Potential for trade volume to increase
Noting that Turkey has always supported Latvia in its EU and NATO bids, Gül also said that the trade volume between the two sides was $300 million and has the potential to increase. He also noted that Latvia and Turkey are both countries that were hardly affected by the recent European economic crisis and that the aim of his visit was to take advantage of their mutually strong positions.
Expressing his gratitude to Latvia for extending its support to Turkey in its EU bid, Gül also referred to the fact that Latvia will take up the rotating presidency of the EU in 2015. Gül added that during their meeting, the two leaders talked about Turkey's roadmap to join the 27-nation bloc. Turkey also reportedly asked Latvia to express the main arguments in Turkey's favor during EU meetings.
In turn, Berzins thanked Gül warmly for Turkey's support in Latvia's NATO bid. Mentioning that there were 114 Turkish students studying in Latvia, Berzins said Turkey and Latvia should also increase their partnership in the fields of culture and education.
“Turkey's willingness to be one of the 10 fastest-growing economic powers in the world is of great importance for us, too,” Berzins said, adding that Turkey and Latvia should cooperate on energy projects as well.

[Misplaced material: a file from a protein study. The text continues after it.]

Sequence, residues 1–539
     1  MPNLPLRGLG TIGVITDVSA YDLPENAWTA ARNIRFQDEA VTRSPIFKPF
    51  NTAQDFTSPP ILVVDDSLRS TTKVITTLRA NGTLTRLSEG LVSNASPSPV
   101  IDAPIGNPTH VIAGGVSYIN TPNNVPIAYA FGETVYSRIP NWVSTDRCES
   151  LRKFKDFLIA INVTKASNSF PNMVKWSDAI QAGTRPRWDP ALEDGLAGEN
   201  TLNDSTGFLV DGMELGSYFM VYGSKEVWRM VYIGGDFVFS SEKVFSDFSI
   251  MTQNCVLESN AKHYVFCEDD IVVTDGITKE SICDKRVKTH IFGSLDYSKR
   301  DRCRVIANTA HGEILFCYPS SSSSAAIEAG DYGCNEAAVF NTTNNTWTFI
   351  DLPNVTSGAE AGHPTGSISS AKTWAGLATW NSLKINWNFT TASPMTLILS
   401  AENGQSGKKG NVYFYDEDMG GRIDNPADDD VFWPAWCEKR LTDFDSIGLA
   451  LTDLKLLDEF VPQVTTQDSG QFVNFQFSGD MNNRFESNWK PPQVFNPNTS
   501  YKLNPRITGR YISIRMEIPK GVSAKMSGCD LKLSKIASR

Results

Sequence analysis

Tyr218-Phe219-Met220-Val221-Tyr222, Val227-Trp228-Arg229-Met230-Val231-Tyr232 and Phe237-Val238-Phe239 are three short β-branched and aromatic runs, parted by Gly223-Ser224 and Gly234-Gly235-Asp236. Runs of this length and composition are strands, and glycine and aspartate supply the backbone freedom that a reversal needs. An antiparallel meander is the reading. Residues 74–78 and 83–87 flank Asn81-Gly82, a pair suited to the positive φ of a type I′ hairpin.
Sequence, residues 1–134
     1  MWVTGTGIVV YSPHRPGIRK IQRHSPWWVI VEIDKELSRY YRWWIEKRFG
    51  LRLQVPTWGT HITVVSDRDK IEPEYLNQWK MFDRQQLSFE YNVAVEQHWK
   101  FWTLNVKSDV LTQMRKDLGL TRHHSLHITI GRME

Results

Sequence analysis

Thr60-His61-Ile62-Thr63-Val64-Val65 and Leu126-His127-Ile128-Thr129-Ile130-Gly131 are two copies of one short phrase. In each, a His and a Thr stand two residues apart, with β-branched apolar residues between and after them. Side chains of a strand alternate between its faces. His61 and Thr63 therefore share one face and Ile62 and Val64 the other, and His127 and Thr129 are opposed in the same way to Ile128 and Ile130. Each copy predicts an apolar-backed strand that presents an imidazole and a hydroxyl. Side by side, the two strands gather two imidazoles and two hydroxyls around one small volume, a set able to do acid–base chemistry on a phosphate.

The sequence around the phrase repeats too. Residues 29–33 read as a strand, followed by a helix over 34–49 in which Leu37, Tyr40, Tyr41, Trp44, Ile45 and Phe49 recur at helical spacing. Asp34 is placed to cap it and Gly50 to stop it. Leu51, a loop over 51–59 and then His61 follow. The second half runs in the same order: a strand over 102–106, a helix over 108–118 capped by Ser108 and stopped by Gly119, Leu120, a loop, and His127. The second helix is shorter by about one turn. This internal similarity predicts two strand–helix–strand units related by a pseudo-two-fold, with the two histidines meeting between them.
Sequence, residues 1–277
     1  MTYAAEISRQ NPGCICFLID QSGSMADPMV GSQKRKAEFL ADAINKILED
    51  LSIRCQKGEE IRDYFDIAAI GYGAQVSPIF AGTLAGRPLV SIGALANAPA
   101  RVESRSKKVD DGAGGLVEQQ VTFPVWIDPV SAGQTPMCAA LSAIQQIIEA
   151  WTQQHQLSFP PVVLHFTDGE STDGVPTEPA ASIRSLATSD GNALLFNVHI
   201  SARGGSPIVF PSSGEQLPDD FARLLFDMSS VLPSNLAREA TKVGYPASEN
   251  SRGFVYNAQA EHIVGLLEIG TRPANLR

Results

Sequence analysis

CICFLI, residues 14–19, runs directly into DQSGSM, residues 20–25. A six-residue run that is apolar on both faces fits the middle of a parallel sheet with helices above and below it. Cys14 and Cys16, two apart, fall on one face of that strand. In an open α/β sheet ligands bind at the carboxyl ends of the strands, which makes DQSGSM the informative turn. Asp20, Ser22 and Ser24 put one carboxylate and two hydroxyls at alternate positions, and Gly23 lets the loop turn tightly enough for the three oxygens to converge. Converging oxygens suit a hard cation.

Prior to the press conference, the two nations signed a letter of intent regarding cooperation in the fields of transportation and logistics.
Speaking with Today's Zaman on Jan. 18 in Riga, Berzins addressed several topics:
1-What can Latvia offer Turkey and what does Latvia expect from Turkey in return?
There are so many different activities. The current state of Afghanistan is one of the very important issues [for all countries to cooperate on]. We see a very important role for Turkey in resolving this issue and our involvement of providing help and support, particularly to our strategic partner the US in this final stage of [US military presence in] Afghanistan is so important.
For development around the Black Sea, Georgia and Turkey, we see a perfect future for business development, not just for us. We have always been interested in [taking advantage of] crossroads and strengthening transit routes. We are working not only with Turkey, we have [relationships with] Ukraine and we are trying to improve relations with Belarus. This is very important. Belarus is the shortest route to connect Riga to the Black Sea. Again, having Belarusians as the biggest minority group in Latvia, we are working very hard to improve our relations with them; we have a very long border with Belarus. In many aspects, Latvia is doing its best to promote itself.